The efficiency of physiological trait selection will be related to how well a trait is expressed and measured. Experimentation must take place to establish how and when measurements should be made to maximize genetic resolution of trait expression. There are three groups of factors that can potentially affect the expression of a trait: (i) macro-environment, i.e. temperature, radiation, irrigation status, nutritional status and soil type; (ii) micro-environment, i.e. small daily fluctuations in temperature and radiation, etc., as well as small environmental differences among plots or between plants caused, for example, by soil heterogeneity, weeds, pests, etc.; and (iii) physiological, i.e. age of plant or its organs, diurnal rhythms of plants, small amounts of genetic diversity that may exist within socalled fixed lines. A trait such as leaf chlorophyll, for example, is relatively simple in its expression in that it is not affected by diurnal changes. However, its expression may vary, for instance, under different nutritional regimes. Chlorophyll will also be a function of leaf age, and some standardization in measurement will be necessary to take this into account. On the other hand, traits such as leaf conductance or canopy temperature depression are strongly affected by temperature and relative humidity and have a diurnal function. Studies at CIMMYT have shown that CTD is best expressed on warm sunny, cloudless afternoons, with well-watered plots (Amani et al., 1996). In addition, the trait is affected by phenology, and while pre-heading readings are usually higher, readings made during grain-filling are best associated with yield potential (Reynolds et al., 1998a).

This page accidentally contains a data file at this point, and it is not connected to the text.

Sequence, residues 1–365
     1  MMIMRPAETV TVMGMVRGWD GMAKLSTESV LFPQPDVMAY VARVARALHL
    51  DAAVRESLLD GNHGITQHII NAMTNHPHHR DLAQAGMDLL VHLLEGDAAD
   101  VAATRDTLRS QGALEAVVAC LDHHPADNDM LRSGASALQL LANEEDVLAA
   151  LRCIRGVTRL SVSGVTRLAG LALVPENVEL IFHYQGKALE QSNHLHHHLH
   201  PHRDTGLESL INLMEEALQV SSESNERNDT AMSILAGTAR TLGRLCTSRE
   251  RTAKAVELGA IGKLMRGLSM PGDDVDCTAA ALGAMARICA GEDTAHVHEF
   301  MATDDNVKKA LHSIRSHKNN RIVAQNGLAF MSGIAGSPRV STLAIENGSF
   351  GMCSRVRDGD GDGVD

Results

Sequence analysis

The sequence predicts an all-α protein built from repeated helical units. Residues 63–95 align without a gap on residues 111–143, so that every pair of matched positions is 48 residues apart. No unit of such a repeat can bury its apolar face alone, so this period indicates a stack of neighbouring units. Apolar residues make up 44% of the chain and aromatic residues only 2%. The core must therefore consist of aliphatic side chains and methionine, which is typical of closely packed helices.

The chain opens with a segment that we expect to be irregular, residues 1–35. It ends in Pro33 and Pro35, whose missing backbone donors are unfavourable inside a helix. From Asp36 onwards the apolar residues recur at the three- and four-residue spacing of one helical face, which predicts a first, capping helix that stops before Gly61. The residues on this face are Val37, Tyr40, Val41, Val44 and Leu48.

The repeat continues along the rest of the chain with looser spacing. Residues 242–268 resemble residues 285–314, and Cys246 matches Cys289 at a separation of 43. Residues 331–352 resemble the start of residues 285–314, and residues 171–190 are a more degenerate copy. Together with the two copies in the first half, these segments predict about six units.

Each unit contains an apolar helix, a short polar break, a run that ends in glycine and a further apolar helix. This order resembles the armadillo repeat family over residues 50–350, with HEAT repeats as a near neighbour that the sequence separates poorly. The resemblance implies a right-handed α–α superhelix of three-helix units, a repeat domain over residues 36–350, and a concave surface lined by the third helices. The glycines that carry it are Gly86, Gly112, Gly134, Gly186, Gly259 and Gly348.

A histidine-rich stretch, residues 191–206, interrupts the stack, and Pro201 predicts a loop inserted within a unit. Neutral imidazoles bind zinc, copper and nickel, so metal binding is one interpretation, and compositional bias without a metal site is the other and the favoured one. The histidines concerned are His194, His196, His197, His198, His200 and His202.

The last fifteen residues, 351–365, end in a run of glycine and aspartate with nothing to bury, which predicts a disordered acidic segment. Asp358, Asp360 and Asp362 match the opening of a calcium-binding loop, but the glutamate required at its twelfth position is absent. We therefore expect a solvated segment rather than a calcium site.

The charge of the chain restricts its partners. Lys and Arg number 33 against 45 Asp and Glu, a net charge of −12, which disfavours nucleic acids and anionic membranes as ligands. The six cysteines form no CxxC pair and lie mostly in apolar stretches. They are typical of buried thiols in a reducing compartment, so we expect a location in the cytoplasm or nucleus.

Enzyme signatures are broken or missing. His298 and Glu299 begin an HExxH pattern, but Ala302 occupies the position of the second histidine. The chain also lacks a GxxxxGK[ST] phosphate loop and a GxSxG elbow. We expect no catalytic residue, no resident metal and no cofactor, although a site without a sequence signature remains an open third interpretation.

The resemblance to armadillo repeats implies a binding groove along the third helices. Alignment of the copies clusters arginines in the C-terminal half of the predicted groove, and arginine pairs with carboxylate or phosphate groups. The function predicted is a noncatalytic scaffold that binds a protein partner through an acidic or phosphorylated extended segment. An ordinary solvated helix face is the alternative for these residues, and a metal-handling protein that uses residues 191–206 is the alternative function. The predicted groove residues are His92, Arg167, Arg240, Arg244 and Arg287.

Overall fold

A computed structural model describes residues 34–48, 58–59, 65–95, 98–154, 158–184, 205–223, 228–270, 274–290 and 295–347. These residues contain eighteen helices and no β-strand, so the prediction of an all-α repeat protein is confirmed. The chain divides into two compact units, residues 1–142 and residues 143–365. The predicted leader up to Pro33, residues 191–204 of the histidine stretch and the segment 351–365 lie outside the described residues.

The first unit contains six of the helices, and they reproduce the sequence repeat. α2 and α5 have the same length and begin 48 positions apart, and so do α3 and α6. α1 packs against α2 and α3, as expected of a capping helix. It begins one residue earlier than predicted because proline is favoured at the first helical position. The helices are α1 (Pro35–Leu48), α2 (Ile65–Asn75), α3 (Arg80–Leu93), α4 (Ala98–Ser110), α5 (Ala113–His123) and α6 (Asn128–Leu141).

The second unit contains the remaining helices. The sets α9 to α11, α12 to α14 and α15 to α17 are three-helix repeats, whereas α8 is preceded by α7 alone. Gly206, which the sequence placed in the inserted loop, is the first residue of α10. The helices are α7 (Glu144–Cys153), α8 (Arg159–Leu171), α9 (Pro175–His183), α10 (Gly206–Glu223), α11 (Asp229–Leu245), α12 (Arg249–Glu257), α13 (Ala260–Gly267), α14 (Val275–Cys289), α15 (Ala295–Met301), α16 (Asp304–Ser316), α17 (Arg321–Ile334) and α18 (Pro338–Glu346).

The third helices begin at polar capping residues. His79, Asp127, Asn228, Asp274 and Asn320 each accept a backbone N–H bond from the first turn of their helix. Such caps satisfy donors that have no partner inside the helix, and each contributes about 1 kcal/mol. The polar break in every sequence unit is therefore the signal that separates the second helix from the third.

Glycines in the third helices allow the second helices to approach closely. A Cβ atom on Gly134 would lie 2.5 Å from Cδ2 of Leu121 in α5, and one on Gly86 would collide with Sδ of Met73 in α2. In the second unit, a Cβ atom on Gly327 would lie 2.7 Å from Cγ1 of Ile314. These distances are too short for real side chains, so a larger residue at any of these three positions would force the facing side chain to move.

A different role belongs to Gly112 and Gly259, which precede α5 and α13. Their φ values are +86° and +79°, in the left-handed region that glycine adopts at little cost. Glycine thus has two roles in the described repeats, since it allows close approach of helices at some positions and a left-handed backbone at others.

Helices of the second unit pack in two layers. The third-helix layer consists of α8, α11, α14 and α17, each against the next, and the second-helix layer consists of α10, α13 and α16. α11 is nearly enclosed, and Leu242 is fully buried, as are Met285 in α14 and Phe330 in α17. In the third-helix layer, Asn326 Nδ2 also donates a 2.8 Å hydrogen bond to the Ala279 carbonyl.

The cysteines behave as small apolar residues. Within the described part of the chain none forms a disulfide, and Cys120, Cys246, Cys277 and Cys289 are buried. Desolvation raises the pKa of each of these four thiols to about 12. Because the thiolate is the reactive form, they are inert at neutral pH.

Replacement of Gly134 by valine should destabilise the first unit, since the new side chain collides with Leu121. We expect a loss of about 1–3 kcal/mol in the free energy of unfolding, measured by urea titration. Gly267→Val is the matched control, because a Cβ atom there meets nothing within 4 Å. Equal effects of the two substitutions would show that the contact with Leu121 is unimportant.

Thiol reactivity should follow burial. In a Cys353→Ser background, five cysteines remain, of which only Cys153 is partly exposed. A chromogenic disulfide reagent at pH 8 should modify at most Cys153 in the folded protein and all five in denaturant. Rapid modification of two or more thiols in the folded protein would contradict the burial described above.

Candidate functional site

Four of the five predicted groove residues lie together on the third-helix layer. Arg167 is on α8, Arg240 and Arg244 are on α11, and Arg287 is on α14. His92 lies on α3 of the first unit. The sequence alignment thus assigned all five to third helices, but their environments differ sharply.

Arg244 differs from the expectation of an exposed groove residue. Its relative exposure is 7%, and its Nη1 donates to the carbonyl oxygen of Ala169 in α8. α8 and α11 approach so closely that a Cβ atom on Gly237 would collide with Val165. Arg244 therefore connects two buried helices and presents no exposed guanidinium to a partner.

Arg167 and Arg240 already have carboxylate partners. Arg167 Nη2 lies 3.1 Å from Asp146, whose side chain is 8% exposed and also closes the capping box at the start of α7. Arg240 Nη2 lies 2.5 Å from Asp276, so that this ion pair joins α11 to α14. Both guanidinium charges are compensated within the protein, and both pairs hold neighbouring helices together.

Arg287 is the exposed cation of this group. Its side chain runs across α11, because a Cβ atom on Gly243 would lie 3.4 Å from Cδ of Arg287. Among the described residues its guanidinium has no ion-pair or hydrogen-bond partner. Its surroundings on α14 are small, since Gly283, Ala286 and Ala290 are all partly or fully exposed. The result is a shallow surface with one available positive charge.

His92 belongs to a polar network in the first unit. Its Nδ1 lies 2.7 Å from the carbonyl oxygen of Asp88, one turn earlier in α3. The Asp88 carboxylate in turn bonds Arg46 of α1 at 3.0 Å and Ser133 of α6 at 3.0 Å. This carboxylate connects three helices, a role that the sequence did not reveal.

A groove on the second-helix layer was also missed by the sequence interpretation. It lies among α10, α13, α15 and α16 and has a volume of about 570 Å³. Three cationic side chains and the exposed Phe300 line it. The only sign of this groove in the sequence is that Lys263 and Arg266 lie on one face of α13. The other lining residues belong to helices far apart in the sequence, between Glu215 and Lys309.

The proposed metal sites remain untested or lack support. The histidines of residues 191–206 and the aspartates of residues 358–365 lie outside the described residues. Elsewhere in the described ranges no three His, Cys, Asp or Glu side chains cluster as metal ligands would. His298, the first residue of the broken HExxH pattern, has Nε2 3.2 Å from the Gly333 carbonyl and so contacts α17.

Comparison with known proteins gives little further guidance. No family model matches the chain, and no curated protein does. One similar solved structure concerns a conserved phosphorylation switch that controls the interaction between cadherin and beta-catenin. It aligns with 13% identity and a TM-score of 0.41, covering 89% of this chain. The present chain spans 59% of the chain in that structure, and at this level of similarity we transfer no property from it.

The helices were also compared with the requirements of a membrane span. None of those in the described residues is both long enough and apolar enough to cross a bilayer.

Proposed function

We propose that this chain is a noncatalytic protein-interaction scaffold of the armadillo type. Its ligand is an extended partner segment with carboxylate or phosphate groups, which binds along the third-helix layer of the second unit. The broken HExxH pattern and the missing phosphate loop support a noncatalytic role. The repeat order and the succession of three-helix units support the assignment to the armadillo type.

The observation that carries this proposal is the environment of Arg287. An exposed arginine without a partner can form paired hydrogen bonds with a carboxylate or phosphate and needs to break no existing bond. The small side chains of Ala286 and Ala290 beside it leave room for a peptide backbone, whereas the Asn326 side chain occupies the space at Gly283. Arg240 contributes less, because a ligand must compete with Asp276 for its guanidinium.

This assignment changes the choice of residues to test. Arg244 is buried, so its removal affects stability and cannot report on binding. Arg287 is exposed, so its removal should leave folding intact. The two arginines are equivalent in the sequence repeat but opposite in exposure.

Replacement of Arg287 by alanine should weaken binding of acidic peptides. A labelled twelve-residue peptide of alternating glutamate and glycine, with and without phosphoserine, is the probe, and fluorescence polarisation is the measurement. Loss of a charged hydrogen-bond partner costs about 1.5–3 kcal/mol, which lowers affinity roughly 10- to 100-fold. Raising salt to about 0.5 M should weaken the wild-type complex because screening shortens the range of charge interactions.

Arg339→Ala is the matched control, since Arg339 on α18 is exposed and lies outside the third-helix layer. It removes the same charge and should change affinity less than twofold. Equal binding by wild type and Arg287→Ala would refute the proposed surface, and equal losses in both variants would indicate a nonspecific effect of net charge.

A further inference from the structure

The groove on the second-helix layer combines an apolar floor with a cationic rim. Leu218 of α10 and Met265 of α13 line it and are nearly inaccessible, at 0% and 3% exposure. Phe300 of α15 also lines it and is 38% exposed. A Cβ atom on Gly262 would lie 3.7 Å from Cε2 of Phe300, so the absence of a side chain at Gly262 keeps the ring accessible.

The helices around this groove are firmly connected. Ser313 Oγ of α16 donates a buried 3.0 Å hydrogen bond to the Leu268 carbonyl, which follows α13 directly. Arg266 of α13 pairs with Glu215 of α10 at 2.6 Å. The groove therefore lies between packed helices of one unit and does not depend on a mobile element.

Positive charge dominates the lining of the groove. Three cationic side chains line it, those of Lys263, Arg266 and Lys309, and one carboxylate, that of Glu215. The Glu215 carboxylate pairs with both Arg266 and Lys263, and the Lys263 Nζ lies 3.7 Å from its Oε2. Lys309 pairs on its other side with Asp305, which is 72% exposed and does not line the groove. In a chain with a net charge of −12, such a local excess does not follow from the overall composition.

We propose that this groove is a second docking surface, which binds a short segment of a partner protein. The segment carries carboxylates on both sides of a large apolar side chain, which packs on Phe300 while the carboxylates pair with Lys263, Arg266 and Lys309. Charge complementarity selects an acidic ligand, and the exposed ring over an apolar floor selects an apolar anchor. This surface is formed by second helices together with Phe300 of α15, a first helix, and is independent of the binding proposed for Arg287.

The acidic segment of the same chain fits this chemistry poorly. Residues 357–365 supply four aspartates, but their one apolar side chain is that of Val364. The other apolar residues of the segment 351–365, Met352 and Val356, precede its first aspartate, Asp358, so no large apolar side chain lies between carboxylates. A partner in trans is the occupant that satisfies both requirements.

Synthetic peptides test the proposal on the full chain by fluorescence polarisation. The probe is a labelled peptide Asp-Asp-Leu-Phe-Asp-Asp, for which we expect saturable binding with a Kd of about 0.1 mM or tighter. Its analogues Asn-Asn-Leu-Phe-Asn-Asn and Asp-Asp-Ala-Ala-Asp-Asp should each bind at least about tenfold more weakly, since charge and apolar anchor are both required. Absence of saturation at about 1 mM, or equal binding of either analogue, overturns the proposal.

Once experimental protocols have been refined and data have been collected in at least two or three environments (these may be different representative sites and/or years), data must be assessed for two things: (i) significant and consistent expression of the trait of interest; and (ii) an association of the trait with performance among genotypes. Assuming statistical significance, the results should be checked for biological and economic significance by graphing the association between the trait and performance. Multiple regression techniques may also be used to examine the influence of a number of traits on genotype performance.

Interpretation of data from unrelated fixed lines is highly speculative, since the association between traits and performance may be confounded by other genetic factors, such as differences in phenology, plant type, etc. For this reason, assuming the above criteria are met, it is necessary to enter a second phase of experimentation aimed at demonstrating a definitive genetic linkage between the trait and performance among homozygous progeny. Genetic gains resulting from selection and measured as improved performance can then be estimated. After that, other issues can be addressed, such as in which generation to apply selection and what breeding methodologies would be most effective.

Incorporating physiological criteria into a selection programme